Fatal Crash Leads To Reckless Driving Charges For Virginia Woman
A Virginia woman faces criminal charges for reckless driving after allegedly causing a fatal accident, according to an article by FOX affiliate WFXR.
The Virginia State Police indicated that this single-vehicle accident occurred just before 8 p.m. on Monday, October 31. At that time, the Virginia woman allegedly left the road after entering a curved stretch. After leaving the road, the vehicle then traveled through a small waterway and smashed into a tree.
As a result of this accident, several people sustained minor injuries, including the Virginia woman, an adult male passenger, and two children. Another male passenger sustained severe injuries and later died at a local hospital.
Although the Virginia State Police continues its investigation of this accident, the Virginia woman already faces criminal charges for reckless driving. In that light, it seems appropriate to review the Virginia laws against and penalties for reckless driving.
Virginia Laws Against Reckless Driving
The state laws against reckless driving appear under Code of Virginia Section 46.2-852. This section prohibits any person from driving in a way that creates a risk of property damage, physical injury, or death.
In addition to the general rule under Section 46.2-852, Virginia also makes it illegal to drive in other reckless ways. For example, it can qualify as reckless driving if a person drives excessively fast or fails to use proper signals.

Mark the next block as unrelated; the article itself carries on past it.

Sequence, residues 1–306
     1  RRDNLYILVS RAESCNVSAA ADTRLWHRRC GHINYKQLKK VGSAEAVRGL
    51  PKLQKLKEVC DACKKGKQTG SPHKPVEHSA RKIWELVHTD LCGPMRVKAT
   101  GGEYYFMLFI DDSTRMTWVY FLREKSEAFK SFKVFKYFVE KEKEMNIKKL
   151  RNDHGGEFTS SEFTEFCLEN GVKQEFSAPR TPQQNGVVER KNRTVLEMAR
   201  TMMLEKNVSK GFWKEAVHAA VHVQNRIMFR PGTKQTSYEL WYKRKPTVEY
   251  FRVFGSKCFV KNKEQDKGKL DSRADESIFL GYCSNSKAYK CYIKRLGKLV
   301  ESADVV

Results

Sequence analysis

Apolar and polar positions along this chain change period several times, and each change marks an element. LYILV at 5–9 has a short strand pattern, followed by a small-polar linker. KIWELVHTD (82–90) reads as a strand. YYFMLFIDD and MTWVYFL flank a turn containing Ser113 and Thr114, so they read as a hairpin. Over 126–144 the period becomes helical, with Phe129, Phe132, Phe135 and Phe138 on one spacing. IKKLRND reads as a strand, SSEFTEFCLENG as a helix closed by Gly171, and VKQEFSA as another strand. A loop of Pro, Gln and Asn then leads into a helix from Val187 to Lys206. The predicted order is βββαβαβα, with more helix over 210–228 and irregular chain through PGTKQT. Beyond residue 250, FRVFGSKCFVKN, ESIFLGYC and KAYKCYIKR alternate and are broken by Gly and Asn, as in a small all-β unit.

Virginia Penalties for Reckless Driving
The state penalties for reckless driving appear under Code of Virginia Section 46.2-868. At a threshold level, reckless driving is a Class 1 misdemeanor. The statutory punishment for a Class 1 misdemeanor in Virginia includes a maximum of $2,500 in criminal fines and 12 months in jail.
Section 46.2-868 also provides for a Class 6 felony version of reckless driving. The statutory punishment for a Class 6 felony in Virginia includes a maximum of $2,500 in criminal fines and a prison sentence between one and five years.
For the Class 6 felony version of reckless driving to apply, a person must:
- Commit any reckless driving offense;
- Have a suspended or revoked driver’s license at the time of the offense; and
- Cause the death of someone else as a proximate result of reckless driving.
Upon conviction for either the misdemeanor or felony version of reckless driving, the perpetrator can also face suspension of driving privileges. Under Code of Virginia Section 46.2-393, the suspension period can fluctuate between two and six months.
Do You Need Legal Help?
If you need legal assistance with Virginia charges for reckless driving, it can be demonstrably helpful to consult a capable Leesburg reckless driving attorney. The attorneys at Simms Showers LLP understand how to defend against many types of criminal charges, including reckless driving. If you need legal help with criminal defense, contact us today for a free initial consultation.